2answers
119 views

What prevents continued hashing of a key from being used as a cipher when xored with plaintext? [duplicate]

This is just an idea I had while looking through some threads so take it as you will. Given a plaintext of any length and a key that a specific hash function is capable of taking as input(I mention ...
2
votes
1answer
414 views

Homomorphic Encryption

Homomorphic Encryption (HE) which supports any function on ciphertexts is known as Fully Homomorphic Encryption (FHE), while Partially Homomorphic Encryption (PHE) includes encryption schemes that ...
2
votes
1answer
132 views

Offline app authentication - embedding hashed password inside an encrypted file

I am working on an occasionally connected app. To allow the users to authenticate I created a profile which is encrypted and placed on the users machine. The first byte of the file contains the IV ...
2
votes
2answers
447 views

Is rainbow table attack applicable to any hash?

Typically when rainbow tables are discussed MD5 hash is used as an example. It's not quite clear whether this attack is specific just to MD5 or to a certain subset of hashes or to just any hash ...
2
votes
3answers
4k views

OpenSSL AES 256-bit Key Management

I am using C and OpenSSL to encrypt files. After experimenting with the OpenSSL command line utility, it makes you enter a passphrase that can be any length, but uses that to create a 256-bit key. ...
2
votes
2answers
216 views

Is it possible to cryptographically prove when was the last time a ciphertext was decrypted/encrypted?

I want to provide a service that encrypts and decrypts documents and I want to provide the users with proof that I haven't stolen their secret key and read their documents. I know I can prove when a ...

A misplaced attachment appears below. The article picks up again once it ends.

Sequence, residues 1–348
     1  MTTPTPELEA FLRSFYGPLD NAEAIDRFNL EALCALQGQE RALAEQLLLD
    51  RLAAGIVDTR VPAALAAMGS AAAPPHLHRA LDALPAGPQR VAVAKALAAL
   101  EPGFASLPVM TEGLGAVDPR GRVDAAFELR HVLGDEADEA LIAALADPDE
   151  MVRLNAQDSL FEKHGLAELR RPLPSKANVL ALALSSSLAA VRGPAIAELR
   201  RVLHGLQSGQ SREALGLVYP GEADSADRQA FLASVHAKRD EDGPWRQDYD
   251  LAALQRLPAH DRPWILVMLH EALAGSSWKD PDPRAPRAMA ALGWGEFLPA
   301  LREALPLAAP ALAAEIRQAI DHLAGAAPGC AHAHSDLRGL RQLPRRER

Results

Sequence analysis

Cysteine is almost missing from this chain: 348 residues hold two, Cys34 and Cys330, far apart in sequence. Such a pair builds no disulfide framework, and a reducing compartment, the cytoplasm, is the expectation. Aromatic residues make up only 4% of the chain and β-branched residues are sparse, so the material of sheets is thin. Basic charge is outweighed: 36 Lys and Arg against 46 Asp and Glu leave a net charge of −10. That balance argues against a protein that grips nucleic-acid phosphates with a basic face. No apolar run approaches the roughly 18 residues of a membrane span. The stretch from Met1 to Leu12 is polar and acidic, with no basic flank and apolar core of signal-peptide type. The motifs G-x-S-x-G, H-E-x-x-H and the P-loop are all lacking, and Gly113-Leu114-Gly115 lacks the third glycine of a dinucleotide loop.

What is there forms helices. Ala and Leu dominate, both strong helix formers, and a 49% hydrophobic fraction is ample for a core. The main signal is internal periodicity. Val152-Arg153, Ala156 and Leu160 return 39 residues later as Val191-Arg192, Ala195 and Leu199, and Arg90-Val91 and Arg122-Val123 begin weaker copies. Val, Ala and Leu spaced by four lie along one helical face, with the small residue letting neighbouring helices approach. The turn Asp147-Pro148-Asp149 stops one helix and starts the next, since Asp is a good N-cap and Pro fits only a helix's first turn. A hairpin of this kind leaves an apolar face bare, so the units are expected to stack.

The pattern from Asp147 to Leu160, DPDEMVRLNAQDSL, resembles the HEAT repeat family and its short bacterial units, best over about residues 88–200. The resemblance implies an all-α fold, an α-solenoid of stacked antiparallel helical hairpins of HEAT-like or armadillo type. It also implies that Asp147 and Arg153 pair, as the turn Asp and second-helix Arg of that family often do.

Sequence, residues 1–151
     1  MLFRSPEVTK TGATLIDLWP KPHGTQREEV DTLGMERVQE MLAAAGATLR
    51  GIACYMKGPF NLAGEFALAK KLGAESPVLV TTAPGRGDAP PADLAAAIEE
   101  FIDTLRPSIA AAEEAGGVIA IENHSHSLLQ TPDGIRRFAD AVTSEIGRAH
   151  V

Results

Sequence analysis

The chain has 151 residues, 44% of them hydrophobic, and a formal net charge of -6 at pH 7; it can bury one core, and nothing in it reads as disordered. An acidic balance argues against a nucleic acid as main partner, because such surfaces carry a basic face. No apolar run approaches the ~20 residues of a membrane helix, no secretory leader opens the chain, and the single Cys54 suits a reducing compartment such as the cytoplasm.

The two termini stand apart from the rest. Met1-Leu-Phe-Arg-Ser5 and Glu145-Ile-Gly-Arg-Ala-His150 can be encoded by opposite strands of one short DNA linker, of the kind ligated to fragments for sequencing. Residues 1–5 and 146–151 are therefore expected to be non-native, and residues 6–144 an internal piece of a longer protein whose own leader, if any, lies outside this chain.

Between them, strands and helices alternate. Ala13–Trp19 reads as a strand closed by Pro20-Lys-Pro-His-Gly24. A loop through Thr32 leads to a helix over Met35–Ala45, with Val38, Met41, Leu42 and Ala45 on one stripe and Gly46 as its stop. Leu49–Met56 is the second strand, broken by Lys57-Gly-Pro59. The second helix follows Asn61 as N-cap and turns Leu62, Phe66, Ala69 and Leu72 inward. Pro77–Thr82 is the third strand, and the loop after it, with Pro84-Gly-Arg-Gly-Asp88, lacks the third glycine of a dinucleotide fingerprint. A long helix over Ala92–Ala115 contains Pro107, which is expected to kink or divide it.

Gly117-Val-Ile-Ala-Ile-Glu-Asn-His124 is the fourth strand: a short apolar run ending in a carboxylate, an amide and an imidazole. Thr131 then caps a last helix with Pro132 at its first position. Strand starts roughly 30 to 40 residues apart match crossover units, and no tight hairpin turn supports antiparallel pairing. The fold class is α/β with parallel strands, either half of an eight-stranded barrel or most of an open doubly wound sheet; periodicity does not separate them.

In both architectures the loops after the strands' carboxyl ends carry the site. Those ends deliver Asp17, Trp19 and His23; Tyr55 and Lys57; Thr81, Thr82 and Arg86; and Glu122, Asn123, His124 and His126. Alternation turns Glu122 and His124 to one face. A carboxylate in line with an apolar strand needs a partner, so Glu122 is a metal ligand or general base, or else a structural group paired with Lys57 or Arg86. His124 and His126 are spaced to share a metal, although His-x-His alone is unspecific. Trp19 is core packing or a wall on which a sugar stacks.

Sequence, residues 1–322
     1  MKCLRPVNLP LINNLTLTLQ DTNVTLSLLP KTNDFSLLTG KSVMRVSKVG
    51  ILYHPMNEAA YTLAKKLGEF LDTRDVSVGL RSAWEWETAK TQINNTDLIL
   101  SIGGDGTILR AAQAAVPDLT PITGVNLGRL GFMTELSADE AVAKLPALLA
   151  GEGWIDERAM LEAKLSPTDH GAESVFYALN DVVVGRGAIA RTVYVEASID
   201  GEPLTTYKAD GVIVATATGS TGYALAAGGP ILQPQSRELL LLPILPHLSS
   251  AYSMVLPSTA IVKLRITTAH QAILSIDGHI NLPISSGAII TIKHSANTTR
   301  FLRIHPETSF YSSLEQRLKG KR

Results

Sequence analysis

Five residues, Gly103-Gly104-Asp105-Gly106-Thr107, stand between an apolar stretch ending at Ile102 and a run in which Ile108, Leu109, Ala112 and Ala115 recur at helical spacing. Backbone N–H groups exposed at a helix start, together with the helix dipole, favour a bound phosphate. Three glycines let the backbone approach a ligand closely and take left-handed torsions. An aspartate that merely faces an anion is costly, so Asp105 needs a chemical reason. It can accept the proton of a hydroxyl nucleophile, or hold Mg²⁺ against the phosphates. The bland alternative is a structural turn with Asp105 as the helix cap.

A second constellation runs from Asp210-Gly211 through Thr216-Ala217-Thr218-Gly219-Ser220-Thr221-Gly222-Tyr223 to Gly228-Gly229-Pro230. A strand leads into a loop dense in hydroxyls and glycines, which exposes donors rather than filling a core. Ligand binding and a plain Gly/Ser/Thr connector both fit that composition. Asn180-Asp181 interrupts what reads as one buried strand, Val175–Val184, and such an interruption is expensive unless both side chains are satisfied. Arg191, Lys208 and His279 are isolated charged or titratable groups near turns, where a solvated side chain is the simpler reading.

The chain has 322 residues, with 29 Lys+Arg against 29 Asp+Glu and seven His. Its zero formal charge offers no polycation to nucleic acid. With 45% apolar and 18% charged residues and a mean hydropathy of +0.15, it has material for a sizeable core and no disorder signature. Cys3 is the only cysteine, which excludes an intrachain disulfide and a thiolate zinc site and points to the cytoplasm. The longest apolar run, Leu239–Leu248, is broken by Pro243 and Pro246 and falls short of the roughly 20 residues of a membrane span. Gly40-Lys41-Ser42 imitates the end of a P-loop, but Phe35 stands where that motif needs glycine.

2
votes
1answer
2k views

Bcrypt VS Scrypt, Again?

I found this article on SO, but the answer was short, and the subject was closed, What i don't understand, is: Which one of the two limits memory usage to avoid custom Hardware to break the password? ...
2
votes
2answers
264 views

IV Security Clarification

After doing lots of reading on SO and other websites relating to AES cryptography, I am trying to understand the security issues surrounding IV's. There seems to be a lot of confusion and ...
2
votes
1answer
323 views

Encrypt-then-MAC paradigm

I read that the Encrypt-then-MAC paradigm is provably secure. From what I understand, when using for example AES for encryption and HMAC_SHA256 for MAC generation (and the keys $K_1 \neq K_2$), this ...
2
votes
3answers
287 views

Requiring a “supervisor” key pair and a “user” key pair to decrypt multiple-recipient messages

I've been toying with some encryption scenarios recently. One of the hard ones I came across is a multi-party system. So we have Bob -- The person who sends the message (and knows it's recipients) ...
2
votes
2answers
276 views

Chain several RSA encryptions without increasing the message size

I would like to be able to encrypt the output of RSA with RSA again without having the output grow in size over time. In other words, I have some data $D_0$ which I want to encrypt with RSA: $D_1 = ...
2
votes
2answers
4k views

AES+CTR+HMAC Encryption and Authentication on an Arduino

In my project we would like to encrypt and authenticate the the communication channel between our server and our Arduino nodes, which relies on an underlying TCP channel. We have chosen AES in CTR ...
2
votes
1answer
102 views

Why constrain the message lengths in indistinguishability in the presence of an eavesdropper?

I need your help with a very basic concept in cryptography which I can't understand/prove on my own. I'm trying to prove and understand why, under "indistinguishability in the presence of an ...
2
votes
1answer
345 views

Cracking an RSA with no padding and very small e

I have a project wherein I have to crack a given cipher text encrypted using RSA and have been given N and e. Can someone suggest an RSA attack using a very small exponent e(here e=3) and no padding?
2
votes
2answers
247 views

How to verify a number encrypted with an unknown key

Alice and Bob are going to follow the protocol below. Are there any crypto-constructions to help Bob verify the correctness of the answer he gets?: Alice encrypts a set of numbers using some ...
2
votes
1answer
233 views

How large should a Diffie-Hellman p be if the messages are encrypted?

How large should the prime $p$ and generator $g$ values be in a Diffie-Hellman handshake if the messages are encrypted. If the key that encrypted the Diffie-Hellman messages becomes compromised, ...
2
votes
2answers
1k views

Would a “Triple AES” (in the sense of how Triple Des works) serve for a dramatic increase in safety?